Ford confirms layoffs, says it’s cutting about 3,000 jobs

Ford Motor Co.

eat -4.59%

confirmed on Monday that it is laying off about 3,000 employees and contract workers, marking its latest effort to cut costs as it makes a transition to longer-range electric vehicles.

Ford sent an internal email Monday to employees, saying it would begin notifying affected salaried and agency workers this week of the cuts. The email was reviewed by the Wall Street Journal.

The workforce reduction mainly targets workers in the US, Canada and India. About 2,000 of the targeted cuts will be salaried jobs at the Dearborn, Mich., automaker. The remaining 1,000 employees work in contract positions with outside agencies, the company said.

The cuts were not unexpected. The Wall Street Journal and other media reported in July that layoffs were coming for white-collar staff as part of a broader restructuring to sharpen the auto company’s focus on electric vehicles and the batteries that power them.

Ford stock fell nearly 5% in midday trading Monday on news of a $1.7 billion jury verdict in a case involving an F-250 truck rollover accident that left two people dead.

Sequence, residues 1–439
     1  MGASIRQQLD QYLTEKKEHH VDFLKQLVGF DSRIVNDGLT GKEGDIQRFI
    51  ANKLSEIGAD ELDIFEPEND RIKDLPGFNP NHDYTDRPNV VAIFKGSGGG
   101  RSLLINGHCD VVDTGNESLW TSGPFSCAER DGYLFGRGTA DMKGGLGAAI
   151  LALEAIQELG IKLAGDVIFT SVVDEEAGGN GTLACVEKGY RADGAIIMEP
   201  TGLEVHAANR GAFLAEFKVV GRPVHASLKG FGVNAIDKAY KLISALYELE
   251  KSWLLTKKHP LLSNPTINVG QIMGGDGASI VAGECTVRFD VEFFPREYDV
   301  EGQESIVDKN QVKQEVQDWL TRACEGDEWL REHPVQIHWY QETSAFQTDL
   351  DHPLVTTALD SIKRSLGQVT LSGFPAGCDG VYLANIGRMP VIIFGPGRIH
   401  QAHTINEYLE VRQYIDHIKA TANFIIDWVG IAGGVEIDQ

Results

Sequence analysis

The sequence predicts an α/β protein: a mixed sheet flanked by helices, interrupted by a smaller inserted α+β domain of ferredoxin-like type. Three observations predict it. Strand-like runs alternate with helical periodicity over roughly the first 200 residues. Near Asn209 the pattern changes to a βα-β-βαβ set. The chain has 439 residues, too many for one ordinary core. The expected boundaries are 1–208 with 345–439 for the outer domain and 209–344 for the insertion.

The company’s email, signed by executive chairman Bill Ford and CEO Jim Farley, said Ford is changing the way it operates and reallocating resources as it embraces new technologies that were not previously core to its business, such as developing advanced software for her vehicles. The job cuts are effective Sept. 1, a spokesman said.

“Building that future requires changing and reshaping almost every aspect of how we’ve operated for more than a century,” the internal message said.

Mr. Farley recently said that Ford has too many employees and that the existing workforce lacks the expertise needed to transition to a portfolio of electric vehicles with software.

It has said it plans to cut $3 billion in annual costs by 2026 as part of its goal to reach a 10 percent pretax profit margin by then, down from 7.3 percent last year.

Like many global automakers, Ford is pouring money into EVs in an effort to close the sales gap with Tesla Inc.

The company said it will spend about $50 billion by 2026 on developing electronics, aiming for global sales of two million by then.

Mr. Farley earlier this year split the company into separate divisions, including one to focus on EVs and advanced technologies and another to handle traditional internal combustion vehicle lines.

He said profits from the range of natural gas and diesel vehicles will help fund the transition, but that part of the business needs to run more efficiently.

Empty dealership lots, above-sticker prices, and online sales—supply chain issues and the shift to electric vehicles have accelerated changes in the car-buying process. We visit a car dealer to see how consumers and sellers are adapting and what changes may be here to stay. Photo: Adam Falk/The Wall Street Journal

Write to Nora Eckert at nora.eckert@wsj.com

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